Who can revise ‘candy’? The lexicographer can…
2020 has been a strange year, all round, and it seems odd to think that back in January I was sitting down in the office to revise the candy range, making periodic trips to the OUP shop in the name of research. The entries in this range had been written in the early days of the OED (or NED, as it was then), and a lot has changed in the last 130 years.
While we’ve revised all three candy homonyms (the earliest relating to the city of Heraklion in Crete, the latest to a unit of volume or quantity used in South Asia) and the surrounding entries, perhaps the biggest change to the range concerns candy, n.2, in which we have drawn out the sense most common in North America today. Previously part of the current sense 1, within a discussion of ‘crystallized sugar’ (NED editors noted ‘In U.S. used more widely than in Great Britain, including toffy, and the like’), we’ve split out the most familiar modern meaning to constitute its own distinct sense, first seen in the early nineteenth century:
Any confectionery; sweets and chocolates. Also occasionally: a sweet or chocolate.
Since then, as an element in compound words, candy has given rise to several tasty-sounding treats, many of them particularly popular at certain times of year. At Halloween, Americans pour candy corn – pieces of candy shaped like a kernel of corn and striped orange, yellow, and white – into the buckets of trick-or-treaters, as they have since at least 1898; and the candy apple is a fall favourite in North America, eaten as early as 1871 (and called a toffee apple in some other parts of the world – in the UK they’re particularly associated with Bonfire Night on November 5th). At Christmas, we decorate our trees (and fill our stomachs) with candy canes. Our first recorded use of candy cane is from a short story published in Ballou’s Monthly Magazine in 1866. A sworn bachelor admits to his friend that he has fallen in love, but that the woman of his affections has gone missing. At the same time, he laments the shape of his (traditional, rather than Christmas) stockings, and places an advert in the paper for a reward to anyone who can knit him a pair that fit. You may see where this is going… When a parcel is sent to him containing stockings that fit him perfectly, he asks the delivery boy who made them, and:
Pointing to some mammoth candy canes which were displayed in a shop window across the street, he said..‘My little dear, just take me to the young lady, and you shall have those and enough candy to make you sick for a month.’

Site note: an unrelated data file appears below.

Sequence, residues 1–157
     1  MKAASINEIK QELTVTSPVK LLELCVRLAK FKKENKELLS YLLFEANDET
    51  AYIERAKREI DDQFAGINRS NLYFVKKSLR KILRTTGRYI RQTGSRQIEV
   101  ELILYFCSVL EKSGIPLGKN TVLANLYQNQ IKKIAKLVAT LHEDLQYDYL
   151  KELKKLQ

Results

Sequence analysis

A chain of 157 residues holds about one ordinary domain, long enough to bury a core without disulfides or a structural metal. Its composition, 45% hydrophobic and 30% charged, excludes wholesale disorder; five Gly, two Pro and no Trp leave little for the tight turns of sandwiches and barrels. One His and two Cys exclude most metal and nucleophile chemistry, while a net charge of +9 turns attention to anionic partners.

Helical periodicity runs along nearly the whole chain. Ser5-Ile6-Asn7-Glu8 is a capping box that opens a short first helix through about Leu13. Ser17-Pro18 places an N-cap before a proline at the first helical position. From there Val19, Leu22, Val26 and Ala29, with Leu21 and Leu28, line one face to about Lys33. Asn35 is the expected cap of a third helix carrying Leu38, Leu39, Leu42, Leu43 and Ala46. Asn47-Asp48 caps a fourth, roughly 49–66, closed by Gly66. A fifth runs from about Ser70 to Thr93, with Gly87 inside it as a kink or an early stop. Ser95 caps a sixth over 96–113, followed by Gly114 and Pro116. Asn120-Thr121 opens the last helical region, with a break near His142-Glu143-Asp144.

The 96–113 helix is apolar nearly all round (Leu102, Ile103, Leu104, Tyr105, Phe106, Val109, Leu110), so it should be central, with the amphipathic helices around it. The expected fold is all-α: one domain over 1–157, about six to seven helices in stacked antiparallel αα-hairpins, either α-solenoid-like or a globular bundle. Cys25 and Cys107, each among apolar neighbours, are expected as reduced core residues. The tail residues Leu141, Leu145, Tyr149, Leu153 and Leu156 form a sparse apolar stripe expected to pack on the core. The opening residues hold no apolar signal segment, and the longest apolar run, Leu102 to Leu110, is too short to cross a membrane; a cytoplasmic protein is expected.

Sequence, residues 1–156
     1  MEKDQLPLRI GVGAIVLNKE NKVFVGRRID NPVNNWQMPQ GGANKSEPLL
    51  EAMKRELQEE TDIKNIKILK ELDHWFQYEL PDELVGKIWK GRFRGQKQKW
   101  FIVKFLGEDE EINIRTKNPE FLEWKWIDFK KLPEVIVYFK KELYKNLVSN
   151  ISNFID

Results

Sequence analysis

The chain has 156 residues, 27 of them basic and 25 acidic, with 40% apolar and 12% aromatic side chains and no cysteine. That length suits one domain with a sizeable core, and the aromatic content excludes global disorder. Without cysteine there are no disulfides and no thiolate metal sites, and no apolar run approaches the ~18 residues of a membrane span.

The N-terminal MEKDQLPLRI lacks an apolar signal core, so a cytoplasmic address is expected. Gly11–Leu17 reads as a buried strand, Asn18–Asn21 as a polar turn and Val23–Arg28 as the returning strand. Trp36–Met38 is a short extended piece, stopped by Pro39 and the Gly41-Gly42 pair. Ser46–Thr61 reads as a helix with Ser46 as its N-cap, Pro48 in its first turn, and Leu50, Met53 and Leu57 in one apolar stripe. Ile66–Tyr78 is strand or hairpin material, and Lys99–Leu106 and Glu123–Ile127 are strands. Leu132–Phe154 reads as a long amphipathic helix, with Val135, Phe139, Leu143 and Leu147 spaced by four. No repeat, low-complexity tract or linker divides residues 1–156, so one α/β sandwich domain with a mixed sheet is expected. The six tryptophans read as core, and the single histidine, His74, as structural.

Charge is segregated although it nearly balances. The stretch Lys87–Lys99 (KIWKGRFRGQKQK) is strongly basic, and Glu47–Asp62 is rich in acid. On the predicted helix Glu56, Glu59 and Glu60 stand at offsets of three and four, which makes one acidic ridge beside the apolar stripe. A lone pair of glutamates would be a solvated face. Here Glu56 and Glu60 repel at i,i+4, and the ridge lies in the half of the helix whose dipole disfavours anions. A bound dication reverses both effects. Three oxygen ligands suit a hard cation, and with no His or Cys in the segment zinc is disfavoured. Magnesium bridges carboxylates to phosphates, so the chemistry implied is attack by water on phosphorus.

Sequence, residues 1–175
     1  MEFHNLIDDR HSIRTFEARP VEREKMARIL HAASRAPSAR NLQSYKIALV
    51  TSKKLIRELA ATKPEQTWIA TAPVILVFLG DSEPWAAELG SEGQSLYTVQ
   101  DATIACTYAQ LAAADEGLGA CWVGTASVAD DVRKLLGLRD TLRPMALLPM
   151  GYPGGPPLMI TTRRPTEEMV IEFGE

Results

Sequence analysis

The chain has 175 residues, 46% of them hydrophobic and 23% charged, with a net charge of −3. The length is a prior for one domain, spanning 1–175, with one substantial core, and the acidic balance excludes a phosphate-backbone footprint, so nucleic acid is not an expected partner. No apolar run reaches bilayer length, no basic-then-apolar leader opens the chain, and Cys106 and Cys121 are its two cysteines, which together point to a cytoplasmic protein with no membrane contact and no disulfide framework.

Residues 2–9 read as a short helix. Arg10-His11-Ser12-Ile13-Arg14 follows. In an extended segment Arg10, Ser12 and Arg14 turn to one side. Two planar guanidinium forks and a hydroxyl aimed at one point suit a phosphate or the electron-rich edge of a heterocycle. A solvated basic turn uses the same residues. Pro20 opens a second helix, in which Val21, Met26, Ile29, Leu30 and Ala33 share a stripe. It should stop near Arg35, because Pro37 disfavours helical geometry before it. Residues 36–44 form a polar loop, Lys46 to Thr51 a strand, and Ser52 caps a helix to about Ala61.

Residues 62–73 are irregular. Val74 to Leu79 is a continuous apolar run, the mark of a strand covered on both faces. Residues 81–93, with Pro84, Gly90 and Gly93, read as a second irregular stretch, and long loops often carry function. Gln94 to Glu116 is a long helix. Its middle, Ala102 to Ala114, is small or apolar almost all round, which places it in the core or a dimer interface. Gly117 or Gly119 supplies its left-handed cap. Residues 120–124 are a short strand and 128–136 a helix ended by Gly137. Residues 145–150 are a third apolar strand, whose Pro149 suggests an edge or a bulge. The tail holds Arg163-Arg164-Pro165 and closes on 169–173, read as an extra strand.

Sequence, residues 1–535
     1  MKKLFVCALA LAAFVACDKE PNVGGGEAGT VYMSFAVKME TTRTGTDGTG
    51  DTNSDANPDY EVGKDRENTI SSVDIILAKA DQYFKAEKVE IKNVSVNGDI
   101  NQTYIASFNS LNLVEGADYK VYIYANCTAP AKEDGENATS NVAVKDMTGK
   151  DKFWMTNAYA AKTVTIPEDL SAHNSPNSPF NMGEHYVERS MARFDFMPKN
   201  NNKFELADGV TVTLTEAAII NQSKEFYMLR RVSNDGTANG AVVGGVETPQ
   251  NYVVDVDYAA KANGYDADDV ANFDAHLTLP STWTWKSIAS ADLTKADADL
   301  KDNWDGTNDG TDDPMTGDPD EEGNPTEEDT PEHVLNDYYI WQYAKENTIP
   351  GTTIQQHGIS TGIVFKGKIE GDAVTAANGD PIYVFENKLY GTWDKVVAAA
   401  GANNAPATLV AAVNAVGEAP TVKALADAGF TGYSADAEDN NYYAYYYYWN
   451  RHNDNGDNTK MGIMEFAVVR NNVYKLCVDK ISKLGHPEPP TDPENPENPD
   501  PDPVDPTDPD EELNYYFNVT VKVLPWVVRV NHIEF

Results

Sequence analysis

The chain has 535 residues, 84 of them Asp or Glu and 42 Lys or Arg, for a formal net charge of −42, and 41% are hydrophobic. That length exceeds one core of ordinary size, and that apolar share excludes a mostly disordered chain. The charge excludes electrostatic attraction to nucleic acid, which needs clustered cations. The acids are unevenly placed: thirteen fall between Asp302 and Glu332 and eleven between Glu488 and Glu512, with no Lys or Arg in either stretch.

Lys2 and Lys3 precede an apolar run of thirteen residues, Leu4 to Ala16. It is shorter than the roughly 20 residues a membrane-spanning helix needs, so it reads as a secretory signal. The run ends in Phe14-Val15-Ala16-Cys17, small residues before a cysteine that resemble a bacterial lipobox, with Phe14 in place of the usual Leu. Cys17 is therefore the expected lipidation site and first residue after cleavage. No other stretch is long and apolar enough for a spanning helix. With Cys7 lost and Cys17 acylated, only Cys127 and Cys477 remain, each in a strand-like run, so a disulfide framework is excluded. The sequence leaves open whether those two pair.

Needless to say, the ‘young lady’ is the woman he loves, forced to move away by the death of her father. The tale has an appropriately Christmassy ending.
And speaking of Christmas… Unlike 2020, when we may struggle to meet our loved ones, a popular activity between Christmas and New Year in mid-nineteenth century America was a candy pulling or candy pull: a social gathering for young people at which taffy, or occasionally other confectionery, was made and eaten. Taffy is made by twisting and pulling a sweet mixture until it becomes tough and light-coloured, and can then be twisted into shapes. Perhaps I will take my New Year’s resolution from the character in Fred Gipson’s 1949 Hound-Dog Man mentioned in the quotation paragraph, who ‘packed his party clothes along wherever he went; he never could tell when he’d run onto a dance or a candy pulling.’
If making your own candy doesn’t appeal, there is no small choice of places and people from whom you can buy it ready-made. As well as the more usual candy shops and candy stalls, our revised entry covers the now-historical candy butcher: a person who sells candy or other refreshments in a train, circus, theatre, etc. (This specific American use of butcher – sense 5 in OED’s entry for that noun – went on to be used with other modifying words, as in train butcher and lemonade butcher.)
Selling candy isn’t all sweet, however. Let’s take a look at candy man, n.3. In Northumberland and Durham in the mid-nineteenth century, a series of miners’ strikes led to whole families being removed from their homes by bailiffs employed temporarily for the purpose. When these bailiffs arrived at the miners’ cottages, some were recognized as itinerant sellers of dandy candy (brightly coloured or fancy sweets) from Newcastle. The term candy man was subsequently used as derogatory name for bailiffs. (More recently, and more widely, it has also been used as a slang term for a drug dealer.)
Many of the words in the range derive from certain qualities of candy that have been extended to uses outside of food. For instance, in North America a candy striper is a volunteer, typically a young woman, who assists staff in a hospital, so named with reference to the pink-and-white-striped pinafores typically worn by such volunteers. More often, however, words relate to our love of candy’s sweetness: we can candy coat bad news to make it more palatable, or candy over something to make it superficially more agreeable. Since as early as the 1950s we have described things that are superficially attractive but have no real value or integrity as candyfloss or, in the U.S., cotton candy.
In its more familiar sense – a mass of fluffy spun sugar, typically pink or blue in colour – cotton candy antedates candyfloss by 15 years, our first recorded use being from J. H. Wilson’s 1889 page-turner Nearly Three Hundred Ways to dress Show Windows:
The grocer can put in packages of tea, sugar,..and hot pepper..or cotton candy to cause a little fun.
The shopkeeper deciding on his window displays must have felt like a kid in a candy store with so many options to choose from!
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